IT IS GOOD for Baltimore that David F. Tufaro believes he can win. By campaigning hard, issuing position papers and spending money on commercials, he has become the first Republican mayoral candidate in more than three decades to earn more than a passing glance.
Declaring he entered the race "because I can no longer stand to sit on the sidelines and watch this city continue to decline," he is taking callers' questions on talk radio, pressing the flesh at ethnic festivals and holding fund-raisers even beyond the metropolitan area.
He is even getting some help from Councilman Martin O'Malley, the seasoned politician who won the Democratic mayoral nomination by an overwhelming vote.
Unlike most Democratic candidates of the past, who ignored GOP mayoral hopefuls, Mr. O'Malley is responding to Mr. Tufaro's proposals and position papers. As a result, Baltimore could see the first real issues debate by the two parties' mayoral nominees since 1963. That was when Theodore R. McKeldin, a progressive Republican, won his second term and became the last member of the GOP to win elected office in Baltimore.
The odds against Mr. Tufaro are awesome. But he has already made a singular contribution to his city by bringing a working two-party system closer to reality.
No Republican has been elected to the 18-member City Council since 1939. In the First District, though, Robert Santoni is making a strong bid to change that.
Mr. Santoni's candidacy is likely to produce much soul-searching and deep conflicts in loyalty in the district. The East Baltimore supermarket owner is among the leaders of the Highlandtown revitalization effort. He is well-liked in the area's churches and community organizations and has worked closely and smoothly with Democratic Sen. Perry Sfikas and Richard Sandza, publisher of the Baltimore Guide.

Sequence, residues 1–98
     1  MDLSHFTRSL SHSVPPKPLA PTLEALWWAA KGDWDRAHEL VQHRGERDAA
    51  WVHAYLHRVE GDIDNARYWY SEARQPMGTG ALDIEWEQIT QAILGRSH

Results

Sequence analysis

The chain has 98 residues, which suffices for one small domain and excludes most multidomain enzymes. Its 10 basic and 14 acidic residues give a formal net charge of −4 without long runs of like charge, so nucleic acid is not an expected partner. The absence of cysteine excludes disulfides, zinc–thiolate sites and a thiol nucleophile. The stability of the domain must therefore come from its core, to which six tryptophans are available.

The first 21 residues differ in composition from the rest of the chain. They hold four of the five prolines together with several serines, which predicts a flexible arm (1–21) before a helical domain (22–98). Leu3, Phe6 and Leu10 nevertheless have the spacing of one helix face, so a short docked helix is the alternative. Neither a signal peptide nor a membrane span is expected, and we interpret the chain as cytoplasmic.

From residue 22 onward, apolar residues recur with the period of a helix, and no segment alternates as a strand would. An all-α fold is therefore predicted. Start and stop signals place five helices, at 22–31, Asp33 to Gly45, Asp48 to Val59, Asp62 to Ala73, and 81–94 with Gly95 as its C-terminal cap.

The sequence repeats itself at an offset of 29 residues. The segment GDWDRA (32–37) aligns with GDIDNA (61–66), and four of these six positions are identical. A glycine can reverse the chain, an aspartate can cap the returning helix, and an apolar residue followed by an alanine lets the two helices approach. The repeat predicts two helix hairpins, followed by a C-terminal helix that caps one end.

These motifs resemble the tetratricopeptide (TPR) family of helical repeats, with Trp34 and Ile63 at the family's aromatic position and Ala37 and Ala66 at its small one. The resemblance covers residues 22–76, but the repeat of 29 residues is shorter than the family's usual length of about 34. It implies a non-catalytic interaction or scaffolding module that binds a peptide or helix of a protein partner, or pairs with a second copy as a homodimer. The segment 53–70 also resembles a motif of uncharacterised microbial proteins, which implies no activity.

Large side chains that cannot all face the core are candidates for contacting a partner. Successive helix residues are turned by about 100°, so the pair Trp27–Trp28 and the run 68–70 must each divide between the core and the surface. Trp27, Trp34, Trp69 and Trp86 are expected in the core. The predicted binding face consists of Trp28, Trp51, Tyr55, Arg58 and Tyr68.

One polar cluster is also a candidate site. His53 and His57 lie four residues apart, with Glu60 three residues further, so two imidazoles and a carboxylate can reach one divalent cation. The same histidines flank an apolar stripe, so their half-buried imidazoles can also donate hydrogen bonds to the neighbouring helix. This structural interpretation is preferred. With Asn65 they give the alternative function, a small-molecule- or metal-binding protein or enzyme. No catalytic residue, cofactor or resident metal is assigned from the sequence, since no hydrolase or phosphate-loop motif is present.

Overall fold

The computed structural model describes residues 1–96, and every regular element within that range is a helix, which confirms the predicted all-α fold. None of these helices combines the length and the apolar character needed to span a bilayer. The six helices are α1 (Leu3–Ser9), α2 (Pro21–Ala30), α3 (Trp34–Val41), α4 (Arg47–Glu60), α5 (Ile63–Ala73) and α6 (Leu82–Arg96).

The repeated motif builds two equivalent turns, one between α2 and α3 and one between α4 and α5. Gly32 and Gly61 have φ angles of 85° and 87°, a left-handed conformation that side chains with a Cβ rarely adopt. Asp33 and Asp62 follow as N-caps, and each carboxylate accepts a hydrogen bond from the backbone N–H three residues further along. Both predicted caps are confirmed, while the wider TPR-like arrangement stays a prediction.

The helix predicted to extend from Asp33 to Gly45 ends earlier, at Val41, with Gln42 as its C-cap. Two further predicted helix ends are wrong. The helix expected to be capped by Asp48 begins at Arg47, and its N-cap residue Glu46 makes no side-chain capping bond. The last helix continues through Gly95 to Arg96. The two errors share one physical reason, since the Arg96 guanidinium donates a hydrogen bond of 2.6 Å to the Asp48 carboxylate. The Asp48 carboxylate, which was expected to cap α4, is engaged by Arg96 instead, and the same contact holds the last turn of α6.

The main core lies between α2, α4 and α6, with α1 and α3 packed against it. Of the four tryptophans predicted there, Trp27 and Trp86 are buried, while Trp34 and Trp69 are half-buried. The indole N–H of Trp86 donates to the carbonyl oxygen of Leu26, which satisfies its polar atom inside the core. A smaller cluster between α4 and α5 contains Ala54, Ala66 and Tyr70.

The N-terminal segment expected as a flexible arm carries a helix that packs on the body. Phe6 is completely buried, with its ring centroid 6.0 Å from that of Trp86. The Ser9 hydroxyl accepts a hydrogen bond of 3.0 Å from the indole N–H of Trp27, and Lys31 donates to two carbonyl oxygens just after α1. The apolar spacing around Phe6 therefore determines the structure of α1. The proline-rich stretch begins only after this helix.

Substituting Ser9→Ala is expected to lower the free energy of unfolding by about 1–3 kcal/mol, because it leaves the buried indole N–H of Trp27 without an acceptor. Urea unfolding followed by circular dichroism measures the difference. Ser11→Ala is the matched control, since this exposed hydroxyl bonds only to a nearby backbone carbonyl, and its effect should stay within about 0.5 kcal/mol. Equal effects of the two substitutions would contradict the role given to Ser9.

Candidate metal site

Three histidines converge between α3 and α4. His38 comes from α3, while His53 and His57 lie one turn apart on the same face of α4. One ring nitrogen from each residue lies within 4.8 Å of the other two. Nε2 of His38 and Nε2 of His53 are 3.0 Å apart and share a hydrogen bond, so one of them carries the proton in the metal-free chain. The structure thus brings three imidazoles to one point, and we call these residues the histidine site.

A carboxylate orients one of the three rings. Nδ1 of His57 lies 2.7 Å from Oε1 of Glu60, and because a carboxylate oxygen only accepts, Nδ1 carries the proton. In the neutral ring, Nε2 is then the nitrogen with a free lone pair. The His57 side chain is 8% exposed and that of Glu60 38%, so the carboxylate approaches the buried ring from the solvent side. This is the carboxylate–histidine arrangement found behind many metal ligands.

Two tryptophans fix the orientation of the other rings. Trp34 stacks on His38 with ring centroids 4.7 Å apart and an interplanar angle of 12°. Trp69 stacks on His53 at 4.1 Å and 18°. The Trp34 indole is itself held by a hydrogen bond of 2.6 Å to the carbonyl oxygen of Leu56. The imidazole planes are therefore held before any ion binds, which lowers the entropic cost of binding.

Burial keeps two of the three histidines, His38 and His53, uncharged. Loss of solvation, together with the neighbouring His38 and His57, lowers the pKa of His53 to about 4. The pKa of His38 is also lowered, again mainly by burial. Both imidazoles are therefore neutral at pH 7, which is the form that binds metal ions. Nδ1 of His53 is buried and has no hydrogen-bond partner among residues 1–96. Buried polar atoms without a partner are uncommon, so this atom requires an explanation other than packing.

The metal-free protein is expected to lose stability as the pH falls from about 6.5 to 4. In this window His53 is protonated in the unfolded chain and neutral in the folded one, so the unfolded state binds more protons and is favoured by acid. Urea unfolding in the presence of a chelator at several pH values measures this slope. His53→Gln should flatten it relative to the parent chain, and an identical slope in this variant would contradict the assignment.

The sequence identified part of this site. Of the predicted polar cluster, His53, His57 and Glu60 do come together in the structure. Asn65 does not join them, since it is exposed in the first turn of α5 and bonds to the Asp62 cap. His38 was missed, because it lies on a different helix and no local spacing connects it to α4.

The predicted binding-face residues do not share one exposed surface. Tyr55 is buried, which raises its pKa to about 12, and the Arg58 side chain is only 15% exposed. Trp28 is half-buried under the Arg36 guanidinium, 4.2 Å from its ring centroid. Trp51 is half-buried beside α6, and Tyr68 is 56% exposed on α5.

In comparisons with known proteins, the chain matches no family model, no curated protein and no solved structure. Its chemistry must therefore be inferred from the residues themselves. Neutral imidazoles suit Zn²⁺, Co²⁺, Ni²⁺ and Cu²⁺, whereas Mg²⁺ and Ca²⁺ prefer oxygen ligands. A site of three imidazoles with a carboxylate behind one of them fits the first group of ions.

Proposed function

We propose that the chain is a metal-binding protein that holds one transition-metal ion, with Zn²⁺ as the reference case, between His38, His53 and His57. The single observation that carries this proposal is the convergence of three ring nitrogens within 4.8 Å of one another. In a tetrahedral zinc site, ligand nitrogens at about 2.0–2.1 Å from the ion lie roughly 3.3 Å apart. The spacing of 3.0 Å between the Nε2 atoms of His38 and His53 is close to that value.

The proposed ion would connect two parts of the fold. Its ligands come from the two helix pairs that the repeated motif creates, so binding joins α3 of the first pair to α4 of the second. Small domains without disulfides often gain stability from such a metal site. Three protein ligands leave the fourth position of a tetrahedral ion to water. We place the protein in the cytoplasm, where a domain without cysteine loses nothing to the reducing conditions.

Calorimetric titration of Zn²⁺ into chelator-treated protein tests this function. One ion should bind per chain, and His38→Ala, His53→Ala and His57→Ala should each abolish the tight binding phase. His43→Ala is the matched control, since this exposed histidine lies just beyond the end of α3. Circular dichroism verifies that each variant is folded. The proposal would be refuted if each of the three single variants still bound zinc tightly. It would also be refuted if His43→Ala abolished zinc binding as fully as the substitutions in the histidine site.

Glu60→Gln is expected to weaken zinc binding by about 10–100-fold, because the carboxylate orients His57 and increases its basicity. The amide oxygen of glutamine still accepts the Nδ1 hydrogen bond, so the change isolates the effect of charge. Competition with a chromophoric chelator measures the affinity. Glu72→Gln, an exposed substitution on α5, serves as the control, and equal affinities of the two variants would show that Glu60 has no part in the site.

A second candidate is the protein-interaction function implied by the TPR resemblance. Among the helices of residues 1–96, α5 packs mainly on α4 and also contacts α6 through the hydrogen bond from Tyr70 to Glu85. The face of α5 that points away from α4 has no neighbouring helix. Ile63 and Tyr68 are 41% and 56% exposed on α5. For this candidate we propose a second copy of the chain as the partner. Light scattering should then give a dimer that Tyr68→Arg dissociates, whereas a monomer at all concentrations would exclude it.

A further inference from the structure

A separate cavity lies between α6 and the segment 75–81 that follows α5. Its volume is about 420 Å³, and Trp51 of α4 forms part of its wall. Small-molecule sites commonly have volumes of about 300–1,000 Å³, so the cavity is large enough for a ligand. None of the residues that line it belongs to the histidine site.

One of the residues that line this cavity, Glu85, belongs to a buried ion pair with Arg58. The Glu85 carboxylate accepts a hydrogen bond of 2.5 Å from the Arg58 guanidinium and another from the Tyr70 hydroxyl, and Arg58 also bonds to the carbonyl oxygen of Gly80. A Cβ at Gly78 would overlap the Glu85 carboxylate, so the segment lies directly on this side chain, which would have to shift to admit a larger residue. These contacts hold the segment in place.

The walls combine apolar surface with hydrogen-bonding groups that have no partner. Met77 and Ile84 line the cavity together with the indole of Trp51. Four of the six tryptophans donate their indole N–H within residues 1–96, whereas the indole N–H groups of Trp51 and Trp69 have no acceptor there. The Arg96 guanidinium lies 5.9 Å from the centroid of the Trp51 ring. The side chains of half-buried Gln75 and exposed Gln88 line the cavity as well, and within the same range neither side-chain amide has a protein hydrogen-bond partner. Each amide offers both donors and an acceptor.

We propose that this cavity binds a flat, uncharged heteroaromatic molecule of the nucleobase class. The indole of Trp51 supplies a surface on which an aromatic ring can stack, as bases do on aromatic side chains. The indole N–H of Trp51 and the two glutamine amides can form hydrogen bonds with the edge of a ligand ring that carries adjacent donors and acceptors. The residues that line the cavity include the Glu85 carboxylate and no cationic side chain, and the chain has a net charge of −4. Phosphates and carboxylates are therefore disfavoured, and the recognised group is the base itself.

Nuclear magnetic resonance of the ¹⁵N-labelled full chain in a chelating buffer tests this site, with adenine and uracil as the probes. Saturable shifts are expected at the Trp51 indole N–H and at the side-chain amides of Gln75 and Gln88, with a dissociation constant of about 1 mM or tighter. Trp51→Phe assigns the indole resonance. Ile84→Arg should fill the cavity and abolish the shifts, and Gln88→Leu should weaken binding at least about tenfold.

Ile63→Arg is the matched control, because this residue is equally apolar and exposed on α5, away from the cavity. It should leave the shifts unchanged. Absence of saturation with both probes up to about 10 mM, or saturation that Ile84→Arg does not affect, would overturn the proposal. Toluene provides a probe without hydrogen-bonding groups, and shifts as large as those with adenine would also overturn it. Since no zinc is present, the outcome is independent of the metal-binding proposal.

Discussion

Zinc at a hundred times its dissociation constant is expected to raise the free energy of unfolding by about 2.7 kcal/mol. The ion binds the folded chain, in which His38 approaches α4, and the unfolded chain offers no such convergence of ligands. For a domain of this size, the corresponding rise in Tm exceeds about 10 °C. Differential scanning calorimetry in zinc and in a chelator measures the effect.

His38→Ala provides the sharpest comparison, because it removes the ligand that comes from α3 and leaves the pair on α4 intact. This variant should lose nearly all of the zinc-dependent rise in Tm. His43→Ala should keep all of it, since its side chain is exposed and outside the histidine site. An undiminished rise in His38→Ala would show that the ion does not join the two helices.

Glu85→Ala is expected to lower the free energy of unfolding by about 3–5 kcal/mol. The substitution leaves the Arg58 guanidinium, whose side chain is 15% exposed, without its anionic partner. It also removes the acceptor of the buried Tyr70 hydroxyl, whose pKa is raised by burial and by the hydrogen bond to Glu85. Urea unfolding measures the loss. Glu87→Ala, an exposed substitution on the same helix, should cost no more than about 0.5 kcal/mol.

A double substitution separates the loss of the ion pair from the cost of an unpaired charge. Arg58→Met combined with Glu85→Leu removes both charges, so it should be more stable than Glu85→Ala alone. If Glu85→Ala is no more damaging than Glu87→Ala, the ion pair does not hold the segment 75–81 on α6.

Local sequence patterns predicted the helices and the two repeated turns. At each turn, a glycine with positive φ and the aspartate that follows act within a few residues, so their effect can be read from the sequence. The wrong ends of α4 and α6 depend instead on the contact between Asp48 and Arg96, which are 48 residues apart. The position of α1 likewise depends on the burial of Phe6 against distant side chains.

Mr. Sfikas is unlikely to openly disown the district's three Democratic incumbents. The Guide, a free weekly that circulates throughout the district, is another matter. It seems ready to endorse Mr. Santoni, having backed only one Democratic incumbent, Lois Garey, in the primary. (All three were renominated.)
As for Mr. Santoni, he has scored a first in the annals of Baltimore GOP politics: He commissioned a poll to guide his electioneering.
Mr. Santoni's personal appeal, modern campaign methods and connections have made him GOP's brightest hope in 60 years to capture a council seat, although Republicans are running a full slate of council candidates in the Sixth.
Unlike many other political newcomers -- Democratic or Republican -- he has been preparing for his council bid for years. It is that kind of painstaking work that often produces success.
On a citywide level, though, the Republican Party faces a dilemma. Even though six African-American Republicans were elected to the City Council between 1890 and 1931, the party's support among the city's majority population today is negligible.
Much of that is due to the Republican Party's national policies, which many blacks see as not in their best interests on such issues as affirmative action and equal rights.
Baltimore's GOP must be able to change this image if it truly wants to restore its influence in the city. For Mr. Tufaro, that will be no easy task with just over five weeks until the general election.